Director: Flora Sigismondi
Starring: Kristen Stewart, Dakota Fanning, Michael Shannon
When it comes to The Runaways I’m going to have to apply the I-may-not-know-art-but-I-know-what-I-like principle. As with last year’s Whip It! I recognize and acknowledge that it’s a completely conventional, by the numbers genre film with some pretty big flaws, but... I liked it. I liked it a lot, in fact, even though seeing Dakota Fanning make out with people makes me feel very, very old.
Contrary to its title, The Runaways really isn’t about the band in its entirety, but about singer Cherie Currie (Fanning), guitarist Joan Jett (Kristen Stewart), and, to a lesser extent, manager Kim Fowley (Michael Shannon). The other members of the band factor into the story so little that they don’t even get a “And this happened to...” write up at the end the way those other three do. The story starts out showing Cherie and Joan casually crossing paths with each other in the L.A. club scene and being brought together by Fowley, who spots Cherie and decides that she has the look that he wants for the singer of the band he’s putting together that so far features Joan and drummer Sandy West (Stella Maeve). She joins the band and shortly thereafter they’re off in search of fame and fortune.
Fame comes relatively easy – Fowley knows how to market the group, relying largely on a jail bait image to promote them – but fortune is harder and while they’re out on the road the band is calling Fowley back in L.A., begging for more money so that they can buy food. It isn’t exactly the height of glamour but their hard work gets them a record deal and a tour in Japan, which ultimately brings on more problems. Fowley’s promotion of Cherie above everyone else causes dissent within the group which is compounded by Cherie’s growing drug problem and her guilt about not being home helping to take care of her dying father. It’s a powder keg situation just waiting for a match.
On the one hand, you could put the plot points of this story together in your sleep; at no point does it ever really try to break the rock and roll movie mould. The story is also kind of shapeless and some sequences look like music videos, which I suppose shouldn’t be surprising since director Floria Sigismondi is also a music video director. What saves the film are the performances and the fact that it uses its very standard story to explore themes that are still very relevant. In particular, it is deeply concerned with the way that female entertainers are marketed and accepted in the mainstream. Fowley emphasizes a hyper sexualized image for the group and especially for Cherie, who is too inexperienced and submissive to tell him no even when he’s asking her to do things that make her uncomfortable. One of those things is a racy photo shoot that ends up becoming a major bone of contention with the rest of the group because it puts the spotlight squarely on her and because it solidifies the sexpot product that Fowley is trying to sell. Joan spells it out, stating that The Runaways will never be taken seriously because the image Cherie is helping to promote overshadows the music itself.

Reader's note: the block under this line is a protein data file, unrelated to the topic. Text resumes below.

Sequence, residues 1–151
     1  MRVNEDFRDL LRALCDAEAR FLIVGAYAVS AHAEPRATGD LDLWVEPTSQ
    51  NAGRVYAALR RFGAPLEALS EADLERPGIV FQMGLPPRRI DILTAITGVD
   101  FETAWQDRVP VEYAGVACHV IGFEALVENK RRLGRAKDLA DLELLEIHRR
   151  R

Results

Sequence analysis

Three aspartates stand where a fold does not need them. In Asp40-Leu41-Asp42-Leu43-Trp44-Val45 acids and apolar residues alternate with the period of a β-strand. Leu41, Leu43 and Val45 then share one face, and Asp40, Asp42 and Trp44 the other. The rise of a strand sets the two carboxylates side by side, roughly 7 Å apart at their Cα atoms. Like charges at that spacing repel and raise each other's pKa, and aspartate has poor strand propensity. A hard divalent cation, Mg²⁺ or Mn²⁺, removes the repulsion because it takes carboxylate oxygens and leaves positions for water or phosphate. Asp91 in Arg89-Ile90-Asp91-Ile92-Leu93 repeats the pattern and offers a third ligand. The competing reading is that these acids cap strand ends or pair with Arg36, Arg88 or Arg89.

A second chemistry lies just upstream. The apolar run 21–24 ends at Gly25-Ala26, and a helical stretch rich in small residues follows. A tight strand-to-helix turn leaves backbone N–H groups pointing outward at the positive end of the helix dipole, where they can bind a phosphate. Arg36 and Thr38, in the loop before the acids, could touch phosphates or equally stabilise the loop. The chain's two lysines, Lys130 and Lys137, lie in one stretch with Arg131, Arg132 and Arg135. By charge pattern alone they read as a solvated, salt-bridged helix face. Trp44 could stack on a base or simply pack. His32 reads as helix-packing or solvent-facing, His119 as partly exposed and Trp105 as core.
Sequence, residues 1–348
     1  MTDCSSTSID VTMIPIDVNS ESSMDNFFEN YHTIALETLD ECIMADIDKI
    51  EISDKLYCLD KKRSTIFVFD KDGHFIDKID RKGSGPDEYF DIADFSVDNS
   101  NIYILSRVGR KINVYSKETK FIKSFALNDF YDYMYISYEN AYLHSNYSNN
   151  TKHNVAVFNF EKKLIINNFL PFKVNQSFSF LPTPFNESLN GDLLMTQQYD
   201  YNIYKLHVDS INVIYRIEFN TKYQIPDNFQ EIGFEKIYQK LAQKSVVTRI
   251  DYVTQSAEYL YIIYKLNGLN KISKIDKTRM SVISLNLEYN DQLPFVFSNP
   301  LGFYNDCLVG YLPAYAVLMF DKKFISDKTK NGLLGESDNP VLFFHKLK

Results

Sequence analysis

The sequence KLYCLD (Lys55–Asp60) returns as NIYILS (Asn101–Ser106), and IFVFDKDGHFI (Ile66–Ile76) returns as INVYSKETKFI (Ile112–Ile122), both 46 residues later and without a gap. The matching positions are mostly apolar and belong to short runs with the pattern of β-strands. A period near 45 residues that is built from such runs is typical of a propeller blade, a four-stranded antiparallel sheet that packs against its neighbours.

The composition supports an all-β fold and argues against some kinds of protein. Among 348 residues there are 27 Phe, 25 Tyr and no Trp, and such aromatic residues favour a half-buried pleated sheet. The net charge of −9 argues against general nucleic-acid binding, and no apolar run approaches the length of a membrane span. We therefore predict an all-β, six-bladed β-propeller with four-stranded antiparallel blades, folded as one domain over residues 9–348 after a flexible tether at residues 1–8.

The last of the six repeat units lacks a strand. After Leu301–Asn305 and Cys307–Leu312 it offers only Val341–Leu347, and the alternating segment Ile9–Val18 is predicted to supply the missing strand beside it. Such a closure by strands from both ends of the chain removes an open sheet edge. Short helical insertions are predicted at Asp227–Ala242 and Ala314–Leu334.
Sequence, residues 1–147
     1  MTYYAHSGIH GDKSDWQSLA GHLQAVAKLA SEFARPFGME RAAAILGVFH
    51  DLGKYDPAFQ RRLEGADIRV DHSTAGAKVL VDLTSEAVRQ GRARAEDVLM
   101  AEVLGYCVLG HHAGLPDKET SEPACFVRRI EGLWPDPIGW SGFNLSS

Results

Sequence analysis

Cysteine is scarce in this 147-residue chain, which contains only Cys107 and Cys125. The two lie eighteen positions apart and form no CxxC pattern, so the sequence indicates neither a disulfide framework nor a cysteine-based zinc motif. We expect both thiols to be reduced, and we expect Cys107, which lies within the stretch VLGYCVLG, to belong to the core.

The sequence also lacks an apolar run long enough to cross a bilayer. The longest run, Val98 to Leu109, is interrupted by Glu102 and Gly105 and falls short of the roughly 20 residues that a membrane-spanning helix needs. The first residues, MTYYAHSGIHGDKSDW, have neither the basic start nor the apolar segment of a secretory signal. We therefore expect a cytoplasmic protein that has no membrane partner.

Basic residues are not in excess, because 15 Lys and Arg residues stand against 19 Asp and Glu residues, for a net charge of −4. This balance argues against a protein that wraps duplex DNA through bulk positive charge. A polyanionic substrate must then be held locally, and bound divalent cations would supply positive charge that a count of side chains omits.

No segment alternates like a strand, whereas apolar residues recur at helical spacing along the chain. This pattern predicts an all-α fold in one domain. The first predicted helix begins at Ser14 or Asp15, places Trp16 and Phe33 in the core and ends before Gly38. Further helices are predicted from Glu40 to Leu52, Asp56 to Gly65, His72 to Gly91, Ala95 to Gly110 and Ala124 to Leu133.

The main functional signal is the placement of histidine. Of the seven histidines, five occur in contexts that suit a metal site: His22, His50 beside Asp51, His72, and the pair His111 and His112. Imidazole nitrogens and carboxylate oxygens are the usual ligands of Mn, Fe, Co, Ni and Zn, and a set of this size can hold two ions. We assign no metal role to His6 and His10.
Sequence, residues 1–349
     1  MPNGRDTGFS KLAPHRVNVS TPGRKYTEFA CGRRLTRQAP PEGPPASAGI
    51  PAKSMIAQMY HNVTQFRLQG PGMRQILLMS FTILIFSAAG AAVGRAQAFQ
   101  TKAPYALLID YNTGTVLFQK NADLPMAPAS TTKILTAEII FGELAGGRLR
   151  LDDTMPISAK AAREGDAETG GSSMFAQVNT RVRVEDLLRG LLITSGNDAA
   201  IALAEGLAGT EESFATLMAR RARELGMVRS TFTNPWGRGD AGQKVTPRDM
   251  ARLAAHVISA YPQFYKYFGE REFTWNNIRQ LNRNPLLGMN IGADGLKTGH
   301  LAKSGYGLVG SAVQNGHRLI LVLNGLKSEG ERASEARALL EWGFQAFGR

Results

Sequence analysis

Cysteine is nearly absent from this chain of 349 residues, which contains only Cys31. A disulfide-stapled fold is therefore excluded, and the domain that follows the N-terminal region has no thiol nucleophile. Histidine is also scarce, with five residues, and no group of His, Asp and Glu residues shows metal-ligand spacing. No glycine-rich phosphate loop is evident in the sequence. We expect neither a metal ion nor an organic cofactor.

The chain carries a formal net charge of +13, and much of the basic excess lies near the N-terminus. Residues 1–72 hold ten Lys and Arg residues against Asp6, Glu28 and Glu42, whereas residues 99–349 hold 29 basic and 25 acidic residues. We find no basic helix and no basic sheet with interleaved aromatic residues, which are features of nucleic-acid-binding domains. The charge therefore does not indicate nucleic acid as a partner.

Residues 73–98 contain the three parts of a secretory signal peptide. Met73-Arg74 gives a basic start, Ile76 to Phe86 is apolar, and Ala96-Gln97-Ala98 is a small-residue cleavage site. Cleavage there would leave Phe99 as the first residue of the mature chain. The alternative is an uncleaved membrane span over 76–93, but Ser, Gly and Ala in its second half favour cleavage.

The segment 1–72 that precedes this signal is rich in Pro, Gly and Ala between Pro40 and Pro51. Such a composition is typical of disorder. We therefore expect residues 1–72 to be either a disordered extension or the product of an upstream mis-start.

The three main performances by Stewart, Fanning and Shannon are all very good. Fanning is a bit stiff in the earliest scenes but quickly seems to relax into the role and handles the heavy material expertly. Shannon, who was one of the most memorable things about Revolutionary Road, turns in another memorable performance as the savvy but still scummy manager who introduces himself to Currie with the words: “I’m Kim Fowley. You’ve heard of me.” It’s a performance that is by turns funny and scarily intense and in certain respects it anchors the film, representing all that the band is up against from the industry and the audience. The real star, though, is Stewart who absolutely nails the Joan Jett swagger and attitude. Having seen very little of her work to date, I've never really formed an opinion of Stewart as a performer but after seeing her in The Runaways I think she has a very raw, very natural talent and I hope that she finds other roles like this one that allow her to showcase that.
The Runaways is far from a perfect movie and one that will certainly frustrate those who want a real exploration of the band and its collective highs and lows, but I still found it to be a very enjoyable film experience. Enjoyable enough to recommend it despite its flaws.